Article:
Tuesday, April 28, 2009
Devin Dubbs and His Day of Duty
This is Devin Dubbs. Devin is a member of Cloverdale’s small congregation of Universal Unitarians. Although he understands the basic principles of Unitarianism he can't be bothered to give it more than a grumble of interest on a Sunday morning. Devin is like all other teenagers. He is more interested in sleep than church.
The picture was taken last Sunday morning while Devin stood outside Cloverdale's Drive In Theater collecting offerings as the Unitarians left Sunday service. The Unitarians can’t afford a building of their own. Renting a building is out of the question. The next best thing is to rent Cloverdale’s Drive In Theater. Going to church at a drive in theater is the one thing Devin likes. When not on collection duty he can sleep in the back seat of the car during the service.
Every Sunday Morning the Unitarians drive to church. They pull into the Drive In, park at an incline and attach the metal speaker to the inside of the front window. At 10:00 A.M. the leader of the congregation appears on the Snack Bar roof with microphone in one hand and a clip board with his sermon in the other. Music is supplied by tape recorder. The congregation is asked to leave their car windows down (weather permitting) so their singing can be heard car to car. Tail gating is encouraged, so many members arrive well before the sermon for an early morning Coleman stove breakfast.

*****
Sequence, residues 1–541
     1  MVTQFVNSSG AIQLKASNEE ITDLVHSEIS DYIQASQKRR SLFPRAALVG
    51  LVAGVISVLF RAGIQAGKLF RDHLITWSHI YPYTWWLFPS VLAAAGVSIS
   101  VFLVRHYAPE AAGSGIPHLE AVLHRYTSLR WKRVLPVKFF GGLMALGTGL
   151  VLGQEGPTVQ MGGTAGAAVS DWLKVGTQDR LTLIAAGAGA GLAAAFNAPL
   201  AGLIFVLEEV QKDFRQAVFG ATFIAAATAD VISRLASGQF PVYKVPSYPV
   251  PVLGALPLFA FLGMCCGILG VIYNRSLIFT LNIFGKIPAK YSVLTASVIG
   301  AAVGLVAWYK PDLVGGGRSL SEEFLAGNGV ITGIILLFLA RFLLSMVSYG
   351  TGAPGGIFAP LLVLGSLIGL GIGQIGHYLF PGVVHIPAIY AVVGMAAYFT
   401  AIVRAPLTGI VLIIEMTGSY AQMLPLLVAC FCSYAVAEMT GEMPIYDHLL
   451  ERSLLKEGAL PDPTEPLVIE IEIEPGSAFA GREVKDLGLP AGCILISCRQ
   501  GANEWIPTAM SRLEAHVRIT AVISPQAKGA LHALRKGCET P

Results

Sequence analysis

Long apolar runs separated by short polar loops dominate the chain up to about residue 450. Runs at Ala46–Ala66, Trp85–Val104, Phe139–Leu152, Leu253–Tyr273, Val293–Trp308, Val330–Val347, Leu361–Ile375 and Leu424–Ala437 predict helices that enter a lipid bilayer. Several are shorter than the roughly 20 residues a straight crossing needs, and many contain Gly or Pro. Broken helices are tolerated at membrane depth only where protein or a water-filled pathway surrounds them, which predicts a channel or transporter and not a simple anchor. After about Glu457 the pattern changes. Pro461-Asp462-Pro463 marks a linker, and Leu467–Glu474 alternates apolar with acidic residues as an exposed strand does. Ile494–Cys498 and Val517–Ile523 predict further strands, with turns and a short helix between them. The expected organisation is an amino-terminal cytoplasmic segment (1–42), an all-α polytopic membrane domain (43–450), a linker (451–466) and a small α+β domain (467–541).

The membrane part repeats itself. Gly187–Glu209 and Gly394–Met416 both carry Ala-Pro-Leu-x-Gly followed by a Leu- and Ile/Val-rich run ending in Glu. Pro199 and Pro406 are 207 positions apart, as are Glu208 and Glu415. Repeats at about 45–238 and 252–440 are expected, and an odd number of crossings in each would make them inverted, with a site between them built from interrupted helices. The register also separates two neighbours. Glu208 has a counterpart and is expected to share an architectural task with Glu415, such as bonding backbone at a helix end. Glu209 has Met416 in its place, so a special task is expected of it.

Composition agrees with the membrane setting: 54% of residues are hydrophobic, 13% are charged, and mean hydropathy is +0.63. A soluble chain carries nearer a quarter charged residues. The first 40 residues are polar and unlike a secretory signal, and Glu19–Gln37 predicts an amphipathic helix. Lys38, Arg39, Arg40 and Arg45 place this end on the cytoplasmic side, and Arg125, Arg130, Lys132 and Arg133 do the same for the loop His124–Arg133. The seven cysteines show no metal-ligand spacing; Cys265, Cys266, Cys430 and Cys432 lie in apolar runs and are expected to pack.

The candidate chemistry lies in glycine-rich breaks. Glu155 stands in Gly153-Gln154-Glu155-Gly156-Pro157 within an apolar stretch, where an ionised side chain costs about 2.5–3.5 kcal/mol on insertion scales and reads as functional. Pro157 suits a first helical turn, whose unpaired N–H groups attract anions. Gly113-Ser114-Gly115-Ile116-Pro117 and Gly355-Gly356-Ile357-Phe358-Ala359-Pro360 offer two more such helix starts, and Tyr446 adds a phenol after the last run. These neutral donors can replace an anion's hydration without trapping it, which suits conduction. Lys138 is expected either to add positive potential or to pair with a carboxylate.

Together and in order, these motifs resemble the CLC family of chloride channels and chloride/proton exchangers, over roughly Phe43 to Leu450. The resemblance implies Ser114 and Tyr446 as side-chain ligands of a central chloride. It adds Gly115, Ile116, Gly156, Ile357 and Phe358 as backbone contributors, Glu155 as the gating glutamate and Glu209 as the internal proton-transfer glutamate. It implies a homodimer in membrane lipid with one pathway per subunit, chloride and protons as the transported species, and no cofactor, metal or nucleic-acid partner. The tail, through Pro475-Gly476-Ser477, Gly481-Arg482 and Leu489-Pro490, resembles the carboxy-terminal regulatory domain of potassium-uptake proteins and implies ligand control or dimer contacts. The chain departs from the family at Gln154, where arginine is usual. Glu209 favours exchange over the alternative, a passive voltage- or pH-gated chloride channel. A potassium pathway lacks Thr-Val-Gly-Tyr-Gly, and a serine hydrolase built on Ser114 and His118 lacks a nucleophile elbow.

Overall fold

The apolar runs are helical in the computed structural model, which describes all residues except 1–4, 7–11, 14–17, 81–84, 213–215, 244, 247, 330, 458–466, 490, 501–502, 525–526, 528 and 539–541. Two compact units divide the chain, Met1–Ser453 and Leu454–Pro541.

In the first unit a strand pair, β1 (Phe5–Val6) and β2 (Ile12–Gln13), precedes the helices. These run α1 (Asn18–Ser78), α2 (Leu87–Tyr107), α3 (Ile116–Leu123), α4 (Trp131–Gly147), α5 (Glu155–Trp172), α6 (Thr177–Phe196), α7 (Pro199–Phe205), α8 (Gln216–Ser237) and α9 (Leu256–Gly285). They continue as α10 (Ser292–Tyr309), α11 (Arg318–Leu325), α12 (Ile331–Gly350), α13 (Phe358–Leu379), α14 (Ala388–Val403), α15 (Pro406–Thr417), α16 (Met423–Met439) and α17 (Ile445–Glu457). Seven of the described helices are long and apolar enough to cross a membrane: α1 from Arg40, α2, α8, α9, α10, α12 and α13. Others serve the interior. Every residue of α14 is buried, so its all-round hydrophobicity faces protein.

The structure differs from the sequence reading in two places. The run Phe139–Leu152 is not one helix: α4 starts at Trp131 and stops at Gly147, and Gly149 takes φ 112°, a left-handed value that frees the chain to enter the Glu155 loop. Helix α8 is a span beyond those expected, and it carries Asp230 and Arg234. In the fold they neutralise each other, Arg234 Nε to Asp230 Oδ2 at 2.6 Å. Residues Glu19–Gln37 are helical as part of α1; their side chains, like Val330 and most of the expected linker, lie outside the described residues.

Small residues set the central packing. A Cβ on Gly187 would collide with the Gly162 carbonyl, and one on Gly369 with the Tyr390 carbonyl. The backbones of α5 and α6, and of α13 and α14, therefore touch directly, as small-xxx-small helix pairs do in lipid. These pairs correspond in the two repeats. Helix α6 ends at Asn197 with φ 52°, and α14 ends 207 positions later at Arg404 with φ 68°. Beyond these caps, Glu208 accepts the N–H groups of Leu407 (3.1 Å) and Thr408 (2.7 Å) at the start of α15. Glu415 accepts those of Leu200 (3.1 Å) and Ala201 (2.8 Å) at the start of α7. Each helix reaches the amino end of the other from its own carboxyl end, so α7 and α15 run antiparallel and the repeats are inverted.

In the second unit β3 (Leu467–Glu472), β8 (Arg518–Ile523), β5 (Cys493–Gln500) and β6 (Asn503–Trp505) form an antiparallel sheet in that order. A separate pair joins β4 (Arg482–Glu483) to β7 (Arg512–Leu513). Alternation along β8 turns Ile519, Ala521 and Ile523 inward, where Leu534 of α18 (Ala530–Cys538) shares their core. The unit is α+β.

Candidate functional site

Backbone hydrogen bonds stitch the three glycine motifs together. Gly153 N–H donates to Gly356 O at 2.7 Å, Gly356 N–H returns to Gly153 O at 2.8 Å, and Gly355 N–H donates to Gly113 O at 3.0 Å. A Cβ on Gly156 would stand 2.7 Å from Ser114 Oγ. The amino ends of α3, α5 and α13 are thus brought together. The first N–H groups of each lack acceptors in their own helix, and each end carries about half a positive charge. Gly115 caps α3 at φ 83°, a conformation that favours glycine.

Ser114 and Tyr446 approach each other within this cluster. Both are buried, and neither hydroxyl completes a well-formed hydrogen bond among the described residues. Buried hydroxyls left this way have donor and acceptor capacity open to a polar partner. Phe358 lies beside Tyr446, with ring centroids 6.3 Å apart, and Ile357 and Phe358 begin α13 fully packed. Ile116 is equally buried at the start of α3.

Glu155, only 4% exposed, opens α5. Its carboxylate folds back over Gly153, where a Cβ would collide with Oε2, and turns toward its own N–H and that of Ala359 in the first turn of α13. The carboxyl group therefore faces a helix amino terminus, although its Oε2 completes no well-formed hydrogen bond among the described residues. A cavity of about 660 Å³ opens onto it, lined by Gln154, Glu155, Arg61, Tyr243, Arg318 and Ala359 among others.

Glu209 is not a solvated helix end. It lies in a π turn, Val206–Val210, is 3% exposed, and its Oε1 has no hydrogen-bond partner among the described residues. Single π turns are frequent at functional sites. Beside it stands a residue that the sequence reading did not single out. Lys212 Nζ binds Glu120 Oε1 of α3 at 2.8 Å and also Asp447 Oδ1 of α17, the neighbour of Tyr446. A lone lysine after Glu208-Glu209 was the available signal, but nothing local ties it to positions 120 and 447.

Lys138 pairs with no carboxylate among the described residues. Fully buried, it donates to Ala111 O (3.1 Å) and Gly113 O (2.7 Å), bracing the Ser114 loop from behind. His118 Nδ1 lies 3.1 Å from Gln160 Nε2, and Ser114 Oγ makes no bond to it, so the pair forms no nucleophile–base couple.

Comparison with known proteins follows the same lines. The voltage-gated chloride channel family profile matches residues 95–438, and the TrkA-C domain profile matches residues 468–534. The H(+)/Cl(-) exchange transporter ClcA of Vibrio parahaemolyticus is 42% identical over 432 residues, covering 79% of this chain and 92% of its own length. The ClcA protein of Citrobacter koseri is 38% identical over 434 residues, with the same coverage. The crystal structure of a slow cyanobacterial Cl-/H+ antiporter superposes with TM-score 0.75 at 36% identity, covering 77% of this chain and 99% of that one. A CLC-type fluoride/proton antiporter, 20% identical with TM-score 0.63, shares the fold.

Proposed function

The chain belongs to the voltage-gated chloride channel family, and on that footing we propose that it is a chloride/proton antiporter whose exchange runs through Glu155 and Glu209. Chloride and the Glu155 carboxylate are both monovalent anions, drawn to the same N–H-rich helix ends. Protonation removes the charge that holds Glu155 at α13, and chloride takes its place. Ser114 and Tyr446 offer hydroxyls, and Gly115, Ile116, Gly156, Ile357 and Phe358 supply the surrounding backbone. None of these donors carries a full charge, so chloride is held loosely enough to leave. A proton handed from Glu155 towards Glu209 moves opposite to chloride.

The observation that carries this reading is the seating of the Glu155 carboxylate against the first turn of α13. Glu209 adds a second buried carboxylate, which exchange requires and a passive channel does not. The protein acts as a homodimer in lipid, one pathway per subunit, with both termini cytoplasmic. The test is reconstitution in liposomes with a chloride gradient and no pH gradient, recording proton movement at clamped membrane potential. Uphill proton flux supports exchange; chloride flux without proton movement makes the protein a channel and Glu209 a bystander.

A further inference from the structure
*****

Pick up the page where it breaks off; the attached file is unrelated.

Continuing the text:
After the sermon, and an assortment of hymns, the closing of service is announced and all are encouraged to do two things:
1. Attend next Sunday with a friend.
2. Make a donation on the way out of the theater, being careful not to back up or risk severe tire damage on the spikes across the exit gate.
Devin hated last Sunday because he had offering duty at the exit. Everyone hates offering duty. You have to dress up, and for a Unitarian that alone reeked of establishmentarism. Normally Devin wore a t-shirt and shorts to church. What difference did it make? He never left his car so who cared? But on offering duty a shirt and tie was required. Devin's mother took it one step further by making him wear a suit. Offering Duty meant standing in all weather while holding the wicker offering basket. The guidelines for obtaining a donation are:
1. Approach the exiting car with a smile and polite wave.
2. Move cautiously in front of the car thus forcing the driver to stop. Be prepared to move out of its way if the car won't stop.
3. Extend the basket toward any adult female in the car. Adults females are twice as likely to make a donation than males.
4. Be sure to thank everyone in the car for their generous support of the congregation.
Devin got up, showered, and put on his suit. He grumbled loudly when he discovered it was raining. He swore under his breath when he discovered he forgot his umbrella and nobody else could produce one. Why should they? They got to sit in the comfort of their cars while he stood at the exit drenched.
He got out of his car and ran to the exit at the final amen. After a few minutes he looked like a drowned rat. He tried to smile but couldn't tell if it was working because his cheeks seemed frozen in the cold rain. He approached each exiting car with chattering teeth and the basket in hand. Many felt sorry for this dedicated young boy and gave extra that Sunday morning. Devin was not happy about that at all. Returning with a full basket meant you had the ‘look’ and having the ‘look’ meant getting extra donation days. Devin heard of some boys and girls keeping donations in an attempt to avoid getting extra donation duty. Although Devin understood their motives he couldn’t join them. He was too honest.
Devin did well last Sunday. He got home, had a nice Sunday lunch and spent the rest of the day with his video games. He did his duty for his Higher Power and Country. Devin is a True Blue Dunce at heart and a proud member of the Cloverdale’s small yet growing Unitarian community.